Archive | March, 2013


18 Mar

This week’s Dancer/Choreographer feature goes to Stef Williams. Hard work, determination, and drive are what make this Toronto native a growing success in the entertainment industry. Stefanie’s professional dance career started in South Florida with the NFL’s Miami Dolphins Cheerleaders. Her passion and ambition quickly took her to new heights not only in dance, but also in the commercial industry. She has worked with companies like VISA, MAC Cosmetics, ITT Tech and SoBe Fit Magazine.

In 2011, she was nominated “Ambassador of the Year” for The Dance For Life Foundation: “bringing together our artistic community onto a new platform for dancers to reach out and give back”. She also served on the adjudicator panel for the 2011 Toronto Argonaut Cheerleader Auditions where she shared her knowledge, expertise and thereafter choreography.

Stefanie currently resides in South Florida where she continues to pursue her professional dance career. Her recent credits include performing for FloRida, Pitbull’s 2013 New Years Eve concert, as well as two major Latin awards shows; Premios Juventud and Premios Lo Nuestro where she performed for artists Belinda, Elvis Crespo and Pitbull.

In the future Stefanie is looking to develop outreach programs to support youth in the arts and entertainment. She believes that with hard work, dedication, and perseverance you can achieve anything!

Bio provided by Stef

Stef Williams Toronto Dancer

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Check out what Stef had to say in this week’s feature…

Nikki: Do you remember the first time you started dancing?

Stef: My mom enrolled me in my first ballet class when I was about 5 or 6 and it only lasted about two years. My first memory of falling in love with dance was when I watched an American Music Awards performance by Janet Jackson. I remember looking at the screen in awe and thinking “I wanna do that!” From then on I was obsessed with teaching myself the choreography from MJ and Janet music videos.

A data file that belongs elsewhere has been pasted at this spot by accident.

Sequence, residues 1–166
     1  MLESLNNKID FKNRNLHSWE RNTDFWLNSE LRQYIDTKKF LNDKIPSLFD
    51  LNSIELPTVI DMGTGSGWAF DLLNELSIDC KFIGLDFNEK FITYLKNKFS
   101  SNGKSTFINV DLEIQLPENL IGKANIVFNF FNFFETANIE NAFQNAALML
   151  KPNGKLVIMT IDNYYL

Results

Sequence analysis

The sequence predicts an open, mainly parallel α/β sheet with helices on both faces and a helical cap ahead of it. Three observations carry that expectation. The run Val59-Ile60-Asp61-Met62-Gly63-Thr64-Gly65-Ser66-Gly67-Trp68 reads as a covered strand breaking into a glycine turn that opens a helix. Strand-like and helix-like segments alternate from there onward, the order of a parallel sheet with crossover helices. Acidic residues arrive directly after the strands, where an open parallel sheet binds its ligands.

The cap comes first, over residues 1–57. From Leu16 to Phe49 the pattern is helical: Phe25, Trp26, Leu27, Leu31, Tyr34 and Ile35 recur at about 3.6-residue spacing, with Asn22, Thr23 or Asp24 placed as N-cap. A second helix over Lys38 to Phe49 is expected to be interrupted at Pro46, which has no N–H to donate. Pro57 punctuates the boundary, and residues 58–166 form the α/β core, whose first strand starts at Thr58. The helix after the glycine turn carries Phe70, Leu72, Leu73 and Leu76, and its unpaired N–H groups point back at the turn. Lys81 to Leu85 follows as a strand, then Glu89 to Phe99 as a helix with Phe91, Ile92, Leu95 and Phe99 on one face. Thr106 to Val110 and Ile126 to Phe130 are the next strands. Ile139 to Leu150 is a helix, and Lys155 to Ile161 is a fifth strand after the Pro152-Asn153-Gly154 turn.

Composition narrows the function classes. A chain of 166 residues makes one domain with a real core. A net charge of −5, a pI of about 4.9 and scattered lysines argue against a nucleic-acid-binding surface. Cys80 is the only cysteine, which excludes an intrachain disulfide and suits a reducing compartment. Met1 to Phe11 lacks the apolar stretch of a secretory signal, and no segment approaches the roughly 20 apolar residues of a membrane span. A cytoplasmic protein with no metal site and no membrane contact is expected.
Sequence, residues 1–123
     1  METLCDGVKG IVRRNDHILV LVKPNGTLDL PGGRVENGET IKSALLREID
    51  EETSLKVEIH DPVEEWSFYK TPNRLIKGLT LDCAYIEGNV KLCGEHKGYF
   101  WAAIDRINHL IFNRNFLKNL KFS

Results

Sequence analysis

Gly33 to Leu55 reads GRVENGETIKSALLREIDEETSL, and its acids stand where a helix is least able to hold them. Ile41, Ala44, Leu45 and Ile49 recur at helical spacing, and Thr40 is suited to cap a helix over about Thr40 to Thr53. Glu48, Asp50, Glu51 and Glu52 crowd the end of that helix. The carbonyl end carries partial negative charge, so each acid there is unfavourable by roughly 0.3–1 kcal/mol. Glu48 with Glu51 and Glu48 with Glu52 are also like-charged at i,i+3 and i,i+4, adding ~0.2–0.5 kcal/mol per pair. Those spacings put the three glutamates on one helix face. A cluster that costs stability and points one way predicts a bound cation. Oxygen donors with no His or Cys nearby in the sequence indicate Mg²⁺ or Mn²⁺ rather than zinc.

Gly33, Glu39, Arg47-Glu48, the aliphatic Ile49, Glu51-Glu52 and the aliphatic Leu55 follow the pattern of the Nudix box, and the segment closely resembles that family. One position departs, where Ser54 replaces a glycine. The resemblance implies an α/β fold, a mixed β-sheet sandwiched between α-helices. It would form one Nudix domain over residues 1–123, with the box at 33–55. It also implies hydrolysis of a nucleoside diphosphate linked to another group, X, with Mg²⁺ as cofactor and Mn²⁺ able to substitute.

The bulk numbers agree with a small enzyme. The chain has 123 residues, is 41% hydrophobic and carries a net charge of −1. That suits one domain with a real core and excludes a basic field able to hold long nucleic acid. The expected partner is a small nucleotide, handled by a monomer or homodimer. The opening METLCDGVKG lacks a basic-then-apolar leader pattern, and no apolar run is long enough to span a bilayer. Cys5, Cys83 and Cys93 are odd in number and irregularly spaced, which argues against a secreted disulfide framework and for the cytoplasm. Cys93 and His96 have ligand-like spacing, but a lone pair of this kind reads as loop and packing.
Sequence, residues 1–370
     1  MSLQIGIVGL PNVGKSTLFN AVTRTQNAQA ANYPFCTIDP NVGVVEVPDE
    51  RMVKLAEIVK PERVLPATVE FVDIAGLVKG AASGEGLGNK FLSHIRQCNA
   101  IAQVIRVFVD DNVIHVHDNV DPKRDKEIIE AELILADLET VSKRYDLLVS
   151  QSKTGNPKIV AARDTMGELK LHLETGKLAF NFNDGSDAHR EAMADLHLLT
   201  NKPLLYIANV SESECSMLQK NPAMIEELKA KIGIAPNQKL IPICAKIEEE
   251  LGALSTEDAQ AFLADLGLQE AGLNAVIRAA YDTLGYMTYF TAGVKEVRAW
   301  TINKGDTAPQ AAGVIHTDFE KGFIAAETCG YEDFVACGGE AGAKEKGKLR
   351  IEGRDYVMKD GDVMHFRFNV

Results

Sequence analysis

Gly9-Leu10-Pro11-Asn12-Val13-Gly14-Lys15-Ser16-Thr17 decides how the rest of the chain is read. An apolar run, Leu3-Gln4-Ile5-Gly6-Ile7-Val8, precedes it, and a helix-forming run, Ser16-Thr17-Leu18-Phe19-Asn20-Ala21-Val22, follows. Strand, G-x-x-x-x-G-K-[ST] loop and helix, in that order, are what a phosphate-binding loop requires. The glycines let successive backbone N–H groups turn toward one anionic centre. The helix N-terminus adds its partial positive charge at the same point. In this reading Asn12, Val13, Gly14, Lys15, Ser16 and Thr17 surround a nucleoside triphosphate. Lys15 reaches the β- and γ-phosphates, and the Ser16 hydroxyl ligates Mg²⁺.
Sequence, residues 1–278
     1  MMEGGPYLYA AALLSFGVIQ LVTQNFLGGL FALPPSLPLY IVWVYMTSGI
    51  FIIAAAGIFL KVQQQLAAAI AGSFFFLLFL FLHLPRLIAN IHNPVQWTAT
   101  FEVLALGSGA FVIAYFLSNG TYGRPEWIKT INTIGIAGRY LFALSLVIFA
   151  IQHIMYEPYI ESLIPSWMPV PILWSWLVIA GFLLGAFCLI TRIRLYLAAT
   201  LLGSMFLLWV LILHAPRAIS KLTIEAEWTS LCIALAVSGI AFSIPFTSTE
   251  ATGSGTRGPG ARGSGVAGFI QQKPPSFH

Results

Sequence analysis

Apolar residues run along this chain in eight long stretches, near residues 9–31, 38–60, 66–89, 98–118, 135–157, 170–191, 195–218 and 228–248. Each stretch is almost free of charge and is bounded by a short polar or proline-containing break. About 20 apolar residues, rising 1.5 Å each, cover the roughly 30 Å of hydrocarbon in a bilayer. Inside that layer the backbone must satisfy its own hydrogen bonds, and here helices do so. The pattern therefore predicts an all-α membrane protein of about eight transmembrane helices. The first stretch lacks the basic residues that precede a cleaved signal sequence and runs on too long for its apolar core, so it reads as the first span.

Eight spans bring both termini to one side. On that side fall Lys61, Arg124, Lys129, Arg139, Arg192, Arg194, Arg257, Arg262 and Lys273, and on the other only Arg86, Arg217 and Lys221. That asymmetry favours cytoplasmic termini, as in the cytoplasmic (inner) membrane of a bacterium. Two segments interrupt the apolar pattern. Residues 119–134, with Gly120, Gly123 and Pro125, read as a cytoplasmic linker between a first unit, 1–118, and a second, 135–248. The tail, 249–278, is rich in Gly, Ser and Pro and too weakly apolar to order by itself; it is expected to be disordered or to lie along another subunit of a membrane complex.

Nikki: Do you remember the first song you choreographed to? (Or your earliest memory)

Stef: I’ve always been a fan of Michael Jackson and Janet Jackson. In high school we had this lip-syncing/dancing contest and my friend and I did a medley of MJ songs. I believe we did Smooth Criminal, Billy Jean and Beat It. Definitely good times and great memories.

Nikki: Your personal advice for dancers when it comes to free styling?

Stef: In my earlier years I use to be terrified of free styling because I was still discovering myself as a dancer. However, as time went on my confidence grew by taking multiple dance classes, attending auditions and more importantly practicing on my own. Free styling is all about allowing the music to take over your body, letting go, and knowing that it doesn’t matter what anyone thinks. Taking a wide variety of classes from different genres really helps with your dance vocabulary. Toronto has so much to offer as far as variety, so take advantage of that!

Nikki: Getting in the zone to choreograph, what does it take for you?

Stef: I feel that I am still growing as a choreographer, but I have been fortunate enough to choreograph for several projects. The first thing I do when I have to choreograph is play the song, close my eyes, and I begin to formulate the movements in my head. Sometimes I also allow myself to freestyle to the song and I pull certain movements from that. There are times when I hit roadblocks and I have to take a break before re-visiting it. Choreography is a process and I’ve learned to be patient with myself because I am a bit of a perfectionist.

Nikki: Who are some of your biggest influences in the Dance industry?

Stef: When I was growing up I looked up to Tina Landon of course because she choreographed for Janet Jackson at the time. Locally, Luther Brown and Jae Blaze heavily influenced me because their classes were some of the first ones I took outside of regular studio dancing. They also helped to pave the way for up and coming Toronto dancers and have managed to make a name for themselves in the industry. There are so many dancers and choreographers that I look up to: Mia Michaels, Sheryl Murakami, Sean Bankhead, Chuck Maldonado, Luam, Gigi Torres…the list can go on forever!

Nikki: Name a Toronto Choreographer you enjoy working with and why?

Stef: There are quite a few talented choreographers in Toronto and it would be very difficult to narrow it down to just one. A few that stand out to me are Scott Fordham, Hollywood Jade, Tazz, and Latoya Robinson. All of these individuals have influenced me in some way or another and I am grateful to have had the opportunity to work with them. Toronto choreographers bring diversity to the table and not just the typical industry material you see on television. I enjoyed working with each person because they helped me to grow and develop in a variety of genres from jazz funk to burlesque to dancehall.

Nikki: Name one of your favorite artists to work with and why? (It does not have to be a pop star. Any type of artist that a Dancer would work with i.e.; another Dancer, Choreographer, Musician etc.)